This past week I had the opportunity to present at the California Association of Realtors Expo in Anaheim. Since I don’t sell real estate, events like these are always useful for me because I get to hear what sort of challenges people are having.
At the CAR Expo I heard one common challenge over and over again when speaking with attendees: people are overwhelmed with the variety of technology and the pace of change in the types of technology to use.
This, of course, isn’t helped by the general clamor and clatter of gurus, experts, well-meaning early adopters and so on. Yes I’m probably guilty in that list somewhere too.
There’s a lot of technology in the world. And much of it can be brought to bear on the challenges facing the real estate industry. And for every piece of technology there are a handful of people who insist that it’s absolutely important to have "strategy" for dealing with the technology.
Which got me thinking about the challenge of being overwhelmed by technology. It’s something I hear about wherever I present and whenever I talk to people. It doesn’t matter if the person is a CIO or brand new agent, the abundance of technology and "strategies" that accompany them is presenting a challenge.
Granted, the technology overload of a CIO is different than that of a first-time blogger. But the nature of the challenge is the same: there’s some new technology (or old technology that you haven’t had time play with) and now you have to deal with it.
I like to help people focus on the aspects of their challenges that are most within their control. The pace of technological change is not something within the control of any of the people I meet. Innovators are going to continue to innovate and new technologies will continue to be introduced daily.
But I had an epiphany at CAR Expo. Before I share it, I need to continue digressing for a bit. Bear with me.
Strategy and tactics
There are a few words that prick my ears up whenever they’re used. One of them is "strategy." This word gets tossed around for all sorts of reasons. Sometimes it’s being used to make something seem important. Other times times it’s being used to make something simple seem more complicated.
Most often, I see it being used to describe "tactics" for various new technologies. All of these misuses of strategy serve to make strategy significantly less useful.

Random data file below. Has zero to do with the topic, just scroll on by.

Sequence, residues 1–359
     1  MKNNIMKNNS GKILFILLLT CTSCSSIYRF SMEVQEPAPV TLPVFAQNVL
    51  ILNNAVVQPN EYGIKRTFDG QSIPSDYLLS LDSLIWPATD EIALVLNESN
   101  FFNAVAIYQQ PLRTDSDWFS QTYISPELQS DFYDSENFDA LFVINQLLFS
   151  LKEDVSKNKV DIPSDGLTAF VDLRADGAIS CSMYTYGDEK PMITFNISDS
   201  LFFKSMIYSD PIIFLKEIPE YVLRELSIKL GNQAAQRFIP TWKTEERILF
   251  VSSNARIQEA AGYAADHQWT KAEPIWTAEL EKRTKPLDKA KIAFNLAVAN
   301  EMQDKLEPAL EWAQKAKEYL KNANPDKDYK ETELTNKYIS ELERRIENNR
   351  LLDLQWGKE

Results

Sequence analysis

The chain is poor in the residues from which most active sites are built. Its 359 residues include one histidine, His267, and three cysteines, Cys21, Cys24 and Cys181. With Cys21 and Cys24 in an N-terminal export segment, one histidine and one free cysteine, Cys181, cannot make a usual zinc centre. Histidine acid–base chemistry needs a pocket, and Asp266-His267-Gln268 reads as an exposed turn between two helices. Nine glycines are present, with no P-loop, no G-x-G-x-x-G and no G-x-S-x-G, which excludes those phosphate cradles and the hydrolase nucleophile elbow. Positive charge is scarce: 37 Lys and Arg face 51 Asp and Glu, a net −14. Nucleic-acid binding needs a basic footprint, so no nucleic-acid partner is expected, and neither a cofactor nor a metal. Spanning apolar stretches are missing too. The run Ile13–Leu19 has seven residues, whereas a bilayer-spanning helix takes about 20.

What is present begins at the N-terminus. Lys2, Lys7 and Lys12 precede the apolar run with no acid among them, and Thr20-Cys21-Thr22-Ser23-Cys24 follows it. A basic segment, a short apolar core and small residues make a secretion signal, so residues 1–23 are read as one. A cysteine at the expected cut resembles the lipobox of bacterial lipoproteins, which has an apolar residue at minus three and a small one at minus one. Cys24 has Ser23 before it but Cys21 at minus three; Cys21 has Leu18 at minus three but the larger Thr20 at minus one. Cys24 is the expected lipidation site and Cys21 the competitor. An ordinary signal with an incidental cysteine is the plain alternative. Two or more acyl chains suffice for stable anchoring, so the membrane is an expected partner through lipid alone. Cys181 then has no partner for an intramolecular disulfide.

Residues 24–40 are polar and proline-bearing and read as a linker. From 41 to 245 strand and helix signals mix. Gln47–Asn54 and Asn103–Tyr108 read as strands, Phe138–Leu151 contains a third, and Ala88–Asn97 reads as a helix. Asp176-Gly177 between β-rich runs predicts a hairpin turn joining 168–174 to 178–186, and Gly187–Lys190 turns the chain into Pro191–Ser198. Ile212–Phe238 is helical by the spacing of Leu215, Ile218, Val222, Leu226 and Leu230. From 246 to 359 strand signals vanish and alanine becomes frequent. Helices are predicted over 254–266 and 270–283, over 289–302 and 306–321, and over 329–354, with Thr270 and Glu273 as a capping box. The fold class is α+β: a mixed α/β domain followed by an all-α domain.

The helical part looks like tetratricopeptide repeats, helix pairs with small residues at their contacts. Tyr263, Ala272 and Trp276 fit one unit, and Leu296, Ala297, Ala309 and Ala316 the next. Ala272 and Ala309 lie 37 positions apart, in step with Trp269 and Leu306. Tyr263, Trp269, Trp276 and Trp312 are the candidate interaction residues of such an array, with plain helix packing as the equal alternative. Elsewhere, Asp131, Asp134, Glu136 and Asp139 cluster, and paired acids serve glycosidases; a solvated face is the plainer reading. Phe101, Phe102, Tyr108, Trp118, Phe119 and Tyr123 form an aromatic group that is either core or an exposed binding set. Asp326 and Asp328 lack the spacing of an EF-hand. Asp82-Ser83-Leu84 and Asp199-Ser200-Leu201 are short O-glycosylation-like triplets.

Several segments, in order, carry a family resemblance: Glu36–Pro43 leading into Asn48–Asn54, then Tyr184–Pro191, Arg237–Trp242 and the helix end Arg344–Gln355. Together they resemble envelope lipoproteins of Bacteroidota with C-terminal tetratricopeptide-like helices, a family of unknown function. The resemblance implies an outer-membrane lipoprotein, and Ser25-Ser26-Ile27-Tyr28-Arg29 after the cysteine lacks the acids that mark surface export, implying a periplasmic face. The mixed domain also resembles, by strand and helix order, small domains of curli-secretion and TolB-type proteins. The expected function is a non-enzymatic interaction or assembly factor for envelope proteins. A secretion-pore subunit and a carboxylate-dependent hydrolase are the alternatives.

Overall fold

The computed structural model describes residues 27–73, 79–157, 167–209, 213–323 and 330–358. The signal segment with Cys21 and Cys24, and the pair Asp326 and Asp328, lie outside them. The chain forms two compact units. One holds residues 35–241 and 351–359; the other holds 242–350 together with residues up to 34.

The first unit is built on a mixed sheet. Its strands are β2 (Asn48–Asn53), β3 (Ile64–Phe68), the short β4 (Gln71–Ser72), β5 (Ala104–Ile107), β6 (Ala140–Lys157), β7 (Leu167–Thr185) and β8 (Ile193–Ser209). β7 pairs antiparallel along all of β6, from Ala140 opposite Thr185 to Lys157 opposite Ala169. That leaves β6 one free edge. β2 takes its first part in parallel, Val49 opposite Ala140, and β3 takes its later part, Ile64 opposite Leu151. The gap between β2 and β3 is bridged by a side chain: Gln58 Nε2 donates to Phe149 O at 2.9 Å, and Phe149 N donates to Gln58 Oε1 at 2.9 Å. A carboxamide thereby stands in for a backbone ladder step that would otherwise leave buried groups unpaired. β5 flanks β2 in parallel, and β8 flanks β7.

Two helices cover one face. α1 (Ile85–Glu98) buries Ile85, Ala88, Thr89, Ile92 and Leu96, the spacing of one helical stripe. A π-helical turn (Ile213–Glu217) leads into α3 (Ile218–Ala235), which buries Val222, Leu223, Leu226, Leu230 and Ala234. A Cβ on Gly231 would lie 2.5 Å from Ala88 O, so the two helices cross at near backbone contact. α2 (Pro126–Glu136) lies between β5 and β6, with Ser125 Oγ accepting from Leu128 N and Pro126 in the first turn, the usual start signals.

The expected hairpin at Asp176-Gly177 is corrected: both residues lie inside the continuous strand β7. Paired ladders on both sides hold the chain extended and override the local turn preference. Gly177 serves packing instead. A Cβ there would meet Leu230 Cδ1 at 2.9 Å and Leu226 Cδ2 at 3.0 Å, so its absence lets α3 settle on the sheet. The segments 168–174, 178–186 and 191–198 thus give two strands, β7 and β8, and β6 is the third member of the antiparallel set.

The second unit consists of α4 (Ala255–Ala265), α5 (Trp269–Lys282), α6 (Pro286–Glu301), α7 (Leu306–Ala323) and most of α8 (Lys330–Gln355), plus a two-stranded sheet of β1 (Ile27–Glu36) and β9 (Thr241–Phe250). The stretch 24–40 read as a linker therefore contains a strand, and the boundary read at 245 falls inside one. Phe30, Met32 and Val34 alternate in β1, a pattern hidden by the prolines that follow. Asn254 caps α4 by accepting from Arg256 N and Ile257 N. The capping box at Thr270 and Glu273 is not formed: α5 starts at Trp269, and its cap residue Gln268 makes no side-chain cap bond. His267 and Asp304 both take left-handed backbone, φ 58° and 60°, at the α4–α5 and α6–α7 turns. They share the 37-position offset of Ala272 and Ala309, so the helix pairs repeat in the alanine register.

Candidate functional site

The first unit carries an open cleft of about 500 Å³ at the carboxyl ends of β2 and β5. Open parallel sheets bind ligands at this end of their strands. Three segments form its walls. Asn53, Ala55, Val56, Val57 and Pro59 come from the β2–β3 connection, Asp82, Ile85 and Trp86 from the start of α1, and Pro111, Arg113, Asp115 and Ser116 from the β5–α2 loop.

Strategy, for the record, is about how you are going to achieve your goal. A strategy is often expressed with a plan, a document which outlines what resources are available and to what specific ends those resources will be used. So a strategy primarily takes into account a goal and available resources.
Tactics describes how a specific resource is used. Most people’s Facebook or blogging "strategy" is just a collection of tactics: do this and this, press this button a bunch, etc. But the end result can often end up as a bunch of flailing around and feeling overwhelmed.
This is probably the time to break out a quote by Sun Tzu, one of the grand-daddies of strategies (probably the grand-daddy since he was writing some 2500 years ago):
"Strategy without tactics is the slowest route to victory. Tactics without strategy is the noise before defeat."
Overwhelmed by technology
So, back to this epiphany I had in Anaheim. People were feeling overwhelmed by technology and change. They were learning about Twitter and about Facebook and about mobile technology and all sorts of things.
But the feelings they were having and the experiences they were having out in the field were much more like the "noise before defeat" than anything else. It’s easy to get wrapped up in all the new tools and "best practices" and other things out there. And it sounds so important when people are talking about Twitter strategies and blogging strategies. I mean, who doesn’t want to have a strategy, right?
My epiphany was this: A strategy isn’t only about what you have to be doing, or should be doing. A strategy should also spell out things you don’t have to be doing.
For example, one gentleman was talking about how he just couldn’t understand the value in using Facebook to market real estate. There are a couple options in responding to this:
- explain in detail the value of using the social features of Facebook until the man gets it or
- accept that Facebook isn’t a resource that he’s going to use and develop a strategy that works around it.
The first approach is tactical: "Type these words and press these buttons in Facebook and ROI." The second approach is strategic: "Use your available resources to achieve your goal, Facebook is not available to you as a resource."
The value in a strategic approach is as much about what it allows you to not do. All those things that your strategy saves you from doing result in more time available to you to pursue your strategy or do something else that you enjoy.
Another value in having a more strategic approach is that it keeps you focused on what it is you’re really doing and helps you be prepared for change. If your business is heavily reliant on one specific tool, and that tool changes significantly or ceases to exist, a strategic approach may be what enables your business to continue functioning.
For example, say Facebook suffers the same fate as an early closed social network that survived on advertising revenue and investment: AOL. If your approach is tactical you’d be looking for some other tool that replaced the features, functionality and scale of Facebook. If your approach is more strategic you would, perhaps, be looking for effective ways to stay in touch with your sphere and your past clients.
Let your strategy tell you what it’s ok not to do. Let your strategy help you discover ways to help your customers.